Authorities have said that the current death count of 36 could also be an underestimation because of a lack of testing.
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The need to quarantine health workers, even with mild cases, has also forced hospitals across the country to close some services.
The surge has prompted concerns among some that a new, more virulent strain of the virus has entered the country, or that it could even be mutating within PNG.
“PNG has been sending samples for genomic sequencing and to date, we have no indication that we have other variants here,” Ms Maalsen said.
“We are seeing an increased in moderate and severe illness in capital and increase in deaths, but we can’t say for sure if that’s an indication of any variants in the community or it’s just there’s greater awareness of signs and symptoms.”
More sequencing is being done on samples from PNG.
Australian medical workers to arrive in PNG
An isolation centre is already up and running at a sports facility in Port Moresby and another is being set up in the gym of an aquatic centre near the hospital.
That will allow mild and moderate cases to be kept out of the busy hospital, preserving it for severe cases. Some people are also being asked to isolate at home.
Australia will be sending emergency medical teams, or AUSMAT teams, with a small forward-planning group expected within days.
With only an estimated 500 doctors for a population of nine million people, additional support will be needed.
“It’s very difficult to predict when and where that support will be required,” Ms Maalsen said.
“Certainly we’re looking at the trends in cases where we’ve had significant mass gatherings around the country.”
Work has already begun at different sites around the country to ensure PPE is in place, isolation facilities are ready and rapid test kits are provided to try and speed up the current slow result turn-arounds to allow early isolation of patients.
But the country’s pandemic controller concedes some provinces are under-prepared. PNG’s complex governance system has made a coordinated approach difficult.
Vaccines ‘not a silver bullet’
Papua New Guinea was one of the last countries to sign off on the regulatory approvals needed to bring in vaccines under the global COVAX facility.
The initiative was set up by the World Health Organisation and the Bill & Melinda Gates Foundation to ensure vaccines are available to both higher-income and lower-income countries.
Fiji, which has no community transmission, had received its first batch before the PNG Government had even signed the required documents.
The process could have started at the end of last year. But at that stage, PNG politics was in turmoil, with an unsuccessful bid to oust the Prime Minister in full swing.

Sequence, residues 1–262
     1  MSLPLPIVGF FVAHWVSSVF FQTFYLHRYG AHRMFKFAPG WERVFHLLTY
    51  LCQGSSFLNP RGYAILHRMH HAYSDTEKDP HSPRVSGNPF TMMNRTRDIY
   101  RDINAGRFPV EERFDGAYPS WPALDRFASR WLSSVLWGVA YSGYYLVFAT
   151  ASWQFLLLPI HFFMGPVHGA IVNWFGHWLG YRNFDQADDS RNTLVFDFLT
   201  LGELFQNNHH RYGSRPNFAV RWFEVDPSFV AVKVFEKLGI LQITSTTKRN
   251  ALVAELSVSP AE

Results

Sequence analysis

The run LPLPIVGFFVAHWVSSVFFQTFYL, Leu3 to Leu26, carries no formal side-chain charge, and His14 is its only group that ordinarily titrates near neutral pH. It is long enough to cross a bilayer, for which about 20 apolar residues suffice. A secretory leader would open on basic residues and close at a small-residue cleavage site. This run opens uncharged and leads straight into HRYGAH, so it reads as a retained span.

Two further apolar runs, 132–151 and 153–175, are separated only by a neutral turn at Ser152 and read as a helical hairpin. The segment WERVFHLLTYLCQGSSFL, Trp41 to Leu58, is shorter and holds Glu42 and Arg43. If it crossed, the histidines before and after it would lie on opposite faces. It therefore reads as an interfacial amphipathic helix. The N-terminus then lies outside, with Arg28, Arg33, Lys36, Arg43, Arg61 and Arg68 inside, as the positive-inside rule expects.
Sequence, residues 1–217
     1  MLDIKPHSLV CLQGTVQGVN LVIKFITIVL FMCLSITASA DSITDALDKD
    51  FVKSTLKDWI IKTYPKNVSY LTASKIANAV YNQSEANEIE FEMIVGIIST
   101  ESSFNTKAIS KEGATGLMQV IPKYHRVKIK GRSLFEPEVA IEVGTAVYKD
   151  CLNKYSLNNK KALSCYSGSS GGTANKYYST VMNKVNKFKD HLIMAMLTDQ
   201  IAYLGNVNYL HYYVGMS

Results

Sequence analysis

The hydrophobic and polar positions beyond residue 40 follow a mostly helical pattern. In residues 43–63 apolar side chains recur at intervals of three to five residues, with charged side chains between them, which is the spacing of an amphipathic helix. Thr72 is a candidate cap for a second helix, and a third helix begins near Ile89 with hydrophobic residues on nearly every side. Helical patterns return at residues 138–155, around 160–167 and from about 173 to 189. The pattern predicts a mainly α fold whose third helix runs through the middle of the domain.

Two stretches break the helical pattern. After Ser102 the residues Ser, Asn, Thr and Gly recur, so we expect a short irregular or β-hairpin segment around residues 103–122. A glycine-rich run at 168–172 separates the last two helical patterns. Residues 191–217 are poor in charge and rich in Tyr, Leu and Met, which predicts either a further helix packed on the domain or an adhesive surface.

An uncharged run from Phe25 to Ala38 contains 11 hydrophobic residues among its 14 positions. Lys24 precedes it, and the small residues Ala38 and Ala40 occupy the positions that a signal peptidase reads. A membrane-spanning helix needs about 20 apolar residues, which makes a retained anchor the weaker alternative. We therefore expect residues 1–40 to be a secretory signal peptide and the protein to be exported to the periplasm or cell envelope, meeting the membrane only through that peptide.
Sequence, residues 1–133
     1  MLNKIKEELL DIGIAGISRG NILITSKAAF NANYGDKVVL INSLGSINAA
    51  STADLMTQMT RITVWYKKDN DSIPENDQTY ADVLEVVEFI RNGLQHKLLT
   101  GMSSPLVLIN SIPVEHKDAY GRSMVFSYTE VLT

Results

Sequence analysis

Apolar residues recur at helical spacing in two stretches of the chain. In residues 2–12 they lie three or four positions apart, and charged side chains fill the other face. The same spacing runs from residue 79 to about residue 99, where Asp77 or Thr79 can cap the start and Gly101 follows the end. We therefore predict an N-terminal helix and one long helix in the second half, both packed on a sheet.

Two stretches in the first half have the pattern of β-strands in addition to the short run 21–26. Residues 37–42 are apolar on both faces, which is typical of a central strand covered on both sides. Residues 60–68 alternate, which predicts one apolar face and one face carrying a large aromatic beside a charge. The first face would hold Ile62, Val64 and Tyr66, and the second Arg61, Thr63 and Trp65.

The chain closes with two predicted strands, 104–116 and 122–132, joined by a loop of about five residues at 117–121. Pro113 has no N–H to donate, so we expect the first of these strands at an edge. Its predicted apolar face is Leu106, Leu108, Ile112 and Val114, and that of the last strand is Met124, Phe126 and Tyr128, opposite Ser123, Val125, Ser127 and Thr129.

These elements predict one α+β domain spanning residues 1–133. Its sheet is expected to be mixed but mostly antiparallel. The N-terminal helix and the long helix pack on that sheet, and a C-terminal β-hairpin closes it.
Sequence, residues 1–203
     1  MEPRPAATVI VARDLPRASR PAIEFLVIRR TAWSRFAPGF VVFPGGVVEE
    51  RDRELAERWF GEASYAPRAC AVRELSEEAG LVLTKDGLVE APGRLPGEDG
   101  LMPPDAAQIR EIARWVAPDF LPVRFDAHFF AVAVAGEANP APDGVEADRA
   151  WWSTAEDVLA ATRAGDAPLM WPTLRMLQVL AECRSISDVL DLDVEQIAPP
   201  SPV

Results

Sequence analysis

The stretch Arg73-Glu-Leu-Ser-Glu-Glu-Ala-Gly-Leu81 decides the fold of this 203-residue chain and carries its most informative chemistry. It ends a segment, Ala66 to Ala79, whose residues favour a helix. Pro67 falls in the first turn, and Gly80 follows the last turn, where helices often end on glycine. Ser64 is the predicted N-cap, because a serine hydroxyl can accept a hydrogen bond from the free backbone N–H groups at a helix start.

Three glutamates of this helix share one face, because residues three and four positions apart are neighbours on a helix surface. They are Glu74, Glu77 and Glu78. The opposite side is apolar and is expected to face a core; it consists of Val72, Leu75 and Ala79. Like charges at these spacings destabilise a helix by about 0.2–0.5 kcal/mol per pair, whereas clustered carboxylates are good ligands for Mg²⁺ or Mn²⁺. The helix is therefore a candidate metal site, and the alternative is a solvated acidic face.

Despite being given priority status under the COVAX program, four to six weeks is needed to bring in the vaccines, meaning they will not arrive until the end of March or start of April.
Australia’s donation of 8,000 vaccines to be offered to frontline workers, are expected to arrive next week.
It is also trying to get an additional one million doses released from the European Union, but it’s unclear when they would arrive.
Mass vaccinations in PNG will pose logistical difficulties and distrust of the vaccine in the country will also need to be overcome.
Prime Minister Marape has offered to receive the injection first to give confidence to the others.
While the vaccines are welcomed, health workers say more still needs to be done to enforce rules like social distancing, staying home and mask-wearing, to try to slow transmission rates.
Many businesses and offices in the capital have been enforcing mask wearing for several months, but concerns remain about busy public buses, markets and small trade stores.
“We’re working through how best members of the disciplinary forces, as well as other community volunteers, can enforce this in the city,” pandemic controller David Manning said.
Anna Maalsen said vaccinating health workers was a top priority, but she warned they should not be thought of as “silver bullet”.
“The clinical care is the end of the line, so having those measures will be really helpful in decreasing transmission and that’s what we need to be doing,” she said.
While health workers describe a crisis, across Port Moresby life has largely continued as usual, with few visible signs of a dramatic shift in the coronavirus situation.
“Some degree of enforcement is needed,” Port Moresby General Hospital CEO Dr Malumi said.